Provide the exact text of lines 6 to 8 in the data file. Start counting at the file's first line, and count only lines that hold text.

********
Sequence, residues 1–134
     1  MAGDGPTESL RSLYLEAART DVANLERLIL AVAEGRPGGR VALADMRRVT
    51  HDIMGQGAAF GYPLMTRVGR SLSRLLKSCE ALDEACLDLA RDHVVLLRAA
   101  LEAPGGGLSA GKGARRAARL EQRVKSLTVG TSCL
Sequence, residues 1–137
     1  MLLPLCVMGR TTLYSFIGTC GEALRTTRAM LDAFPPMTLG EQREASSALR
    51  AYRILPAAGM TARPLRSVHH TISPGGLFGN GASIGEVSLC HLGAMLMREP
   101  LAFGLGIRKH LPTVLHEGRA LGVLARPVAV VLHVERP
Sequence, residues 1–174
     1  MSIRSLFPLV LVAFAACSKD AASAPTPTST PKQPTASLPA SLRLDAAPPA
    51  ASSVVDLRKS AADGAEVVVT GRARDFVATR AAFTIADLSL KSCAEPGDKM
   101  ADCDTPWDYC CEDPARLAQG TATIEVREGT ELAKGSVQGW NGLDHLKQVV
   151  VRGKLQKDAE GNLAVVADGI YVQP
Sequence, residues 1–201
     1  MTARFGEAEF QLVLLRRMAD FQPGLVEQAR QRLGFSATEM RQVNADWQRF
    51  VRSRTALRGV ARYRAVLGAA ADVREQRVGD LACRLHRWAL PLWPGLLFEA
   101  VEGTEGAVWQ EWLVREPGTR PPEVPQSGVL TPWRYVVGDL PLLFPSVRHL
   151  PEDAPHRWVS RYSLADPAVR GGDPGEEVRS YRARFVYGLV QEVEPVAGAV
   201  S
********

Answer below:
     1  MLLPLCVMGR TTLYSFIGTC GEALRTTRAM LDAFPPMTLG EQREASSALR
    51  AYRILPAAGM TARPLRSVHH TISPGGLFGN GASIGEVSLC HLGAMLMREP
   101  LAFGLGIRKH LPTVLHEGRA LGVLARPVAV VLHVERP